Electronic commerce

The CA System is Intractably Broken

Tuesday, July 21, 2015 

I’m dealing with the hassle of setting up certs for a new site over the last few days. It means using startcom’s certs because they’re pretty good (only one security breach) and they have a decently low-hassle free certificate that won’t trigger BS warnings in browsers marketing fake cert mafia placebo security products to unwitting users. (And the CTO answers email within minutes well past midnight.)

And in the middle of this, news of another breach to the CA system was announced on the heels of Lenovo’s SuperFish SSL crack, this time a class break that resulted in a Chinese company being able to generate the equivalent of a lawful intercept cert and provided it to a private company. Official lawful intercept certificates are a globally used tool to silently crack SSL so official governments can monitor SSL encrypted traffic in compliance with national laws like the US’s CALEA.

But this time, it went to a private company and they were using it to intercept and crack Google traffic, and Google found out. The absurdity is to presume that this is an infrequent event. Such breaches (and a “breach” isn’t a lawful intercept tool, which are in constant and widespread use globally, but such a tool in the “wrong” hands) happen regularly. There’s no data on the ratio of discovered breaches to undiscovered breaches, of course. While it is possible that they are always found, seemingly accidental discoveries suggest far wider misuse than generally acknowledged.

The cert mafia should be abolished. Certificate authorities work for authoritarian environments in which a single entity is trusted by fiat as in a dictatorship or a company. The public should trust public opinion and a tool like Perspectives would end these problems as well as significantly lower the barrier to a fully encrypted web as those of us trying to protect our traffic wouldn’t need to choose between forking over cash to the cert mafia for fake security or making our users jump through scary security messages and complex work-arounds.

Posted at 00:53:59 UTC

Category: FreeBSDPrivacySecuritytechnology

India to Impose eMail Restrictions

Thursday, October 31, 2013 

The cloud is public and ephemeral. Never trust important data to anyone else’s hardware.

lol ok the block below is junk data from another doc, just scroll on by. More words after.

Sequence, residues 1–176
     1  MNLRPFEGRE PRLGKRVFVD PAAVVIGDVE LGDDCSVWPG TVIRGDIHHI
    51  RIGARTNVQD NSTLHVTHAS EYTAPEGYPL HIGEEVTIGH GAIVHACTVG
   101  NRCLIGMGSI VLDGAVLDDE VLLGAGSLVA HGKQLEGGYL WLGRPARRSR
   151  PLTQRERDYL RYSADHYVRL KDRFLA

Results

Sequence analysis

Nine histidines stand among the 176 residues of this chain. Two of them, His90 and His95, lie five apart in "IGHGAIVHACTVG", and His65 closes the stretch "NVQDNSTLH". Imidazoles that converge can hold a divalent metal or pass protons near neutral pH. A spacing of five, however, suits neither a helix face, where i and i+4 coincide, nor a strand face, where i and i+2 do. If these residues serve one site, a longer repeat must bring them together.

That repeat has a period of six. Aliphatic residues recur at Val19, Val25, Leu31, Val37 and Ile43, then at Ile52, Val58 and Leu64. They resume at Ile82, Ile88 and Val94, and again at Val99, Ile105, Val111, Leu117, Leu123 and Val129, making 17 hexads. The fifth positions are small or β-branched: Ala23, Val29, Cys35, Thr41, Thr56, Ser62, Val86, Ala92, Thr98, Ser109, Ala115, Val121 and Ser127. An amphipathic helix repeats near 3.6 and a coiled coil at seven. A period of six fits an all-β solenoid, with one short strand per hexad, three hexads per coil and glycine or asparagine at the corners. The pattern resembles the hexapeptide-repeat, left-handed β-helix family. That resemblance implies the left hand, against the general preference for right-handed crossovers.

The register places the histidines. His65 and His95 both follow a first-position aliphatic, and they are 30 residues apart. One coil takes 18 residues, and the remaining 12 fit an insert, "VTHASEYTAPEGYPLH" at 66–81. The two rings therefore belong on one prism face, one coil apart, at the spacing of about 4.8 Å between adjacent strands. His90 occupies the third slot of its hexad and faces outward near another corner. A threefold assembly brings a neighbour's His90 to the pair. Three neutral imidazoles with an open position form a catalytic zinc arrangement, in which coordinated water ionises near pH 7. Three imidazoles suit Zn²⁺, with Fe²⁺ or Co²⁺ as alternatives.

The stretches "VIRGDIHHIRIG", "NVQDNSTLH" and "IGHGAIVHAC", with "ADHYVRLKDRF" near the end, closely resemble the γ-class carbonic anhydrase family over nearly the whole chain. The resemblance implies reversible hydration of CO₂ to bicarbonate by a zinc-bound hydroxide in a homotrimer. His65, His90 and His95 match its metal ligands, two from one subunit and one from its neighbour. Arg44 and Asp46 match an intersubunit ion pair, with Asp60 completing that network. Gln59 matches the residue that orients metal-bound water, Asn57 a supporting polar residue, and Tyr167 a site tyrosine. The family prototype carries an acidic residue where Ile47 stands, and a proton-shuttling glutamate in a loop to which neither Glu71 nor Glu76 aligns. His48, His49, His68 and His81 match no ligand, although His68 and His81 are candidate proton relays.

India and Brazil are getting it. Finally.

The USG is still moving data to the cloud. It will be an interesting day when it is realized the US isn’t the only country companies like Google and Amazon do business in that have national security data access requirements.

India to impose email restrictions

Posted at 00:33:10 UTC

Category: politicstechnology

posthumous hack

Monday, March 11, 2013 

I just got an email from a friend of mine, which might not seem particularly atypical, and this turned out to be hack-spam from his Yahoo account. What was jarring about seeing mail from him in my inbox is that he has been dead for six months.

IRL, we move people to cemeteries or other repositories of the dead and keep our interaction space for the living. On social networks and other digital interaction spaces, there’s no particular cost and some respect shown by leaving the presence of those that have passed as it was when they last touched it. But in time, all social networks will fill with the static presence of the passed on. It may be a little less cheerful to log in to facebook when your friend’s list is dominated by those who can no longer answer a poke.

Posted at 16:51:20 UTC

Category: odd

Overthrow the Cert Mafia!

Friday, January 4, 2013 

The certificate system is badly broken on a couple of levels and the most recent revelation that Turktrust accidentally issued two intermediate SSL CAs which enabled the recipients to issue presumptively valid arbitrary certificates. This is just the most recent (probably the most recent, this seems to happen a lot) compromise in a disastrously flawed system including the recent Diginotar and Comodo attacks. There are 650 root CAs that can issue certs, including some CA‘s operated by governments with potentially conflicting political interests or poor human rights records and your browser probably trusts most or all completely by default.

It is useful to think about what we use SSL certs for: